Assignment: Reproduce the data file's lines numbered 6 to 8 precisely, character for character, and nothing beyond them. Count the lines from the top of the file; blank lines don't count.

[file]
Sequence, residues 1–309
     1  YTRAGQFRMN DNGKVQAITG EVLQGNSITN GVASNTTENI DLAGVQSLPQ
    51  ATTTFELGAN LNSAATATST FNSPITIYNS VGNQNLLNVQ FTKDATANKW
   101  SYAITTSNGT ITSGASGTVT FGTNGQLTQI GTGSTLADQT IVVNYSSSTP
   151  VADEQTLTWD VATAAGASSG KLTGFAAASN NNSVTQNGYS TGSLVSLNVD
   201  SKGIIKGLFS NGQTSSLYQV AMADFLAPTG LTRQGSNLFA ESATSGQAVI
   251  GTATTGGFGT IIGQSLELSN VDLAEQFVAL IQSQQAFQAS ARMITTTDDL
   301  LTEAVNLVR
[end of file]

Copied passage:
   201  SKGIIKGLFS NGQTSSLYQV AMADFLAPTG LTRQGSNLFA ESATSGQAVI
   251  GTATTGGFGT IIGQSLELSN VDLAEQFVAL IQSQQAFQAS ARMITTTDDL
   301  LTEAVNLVR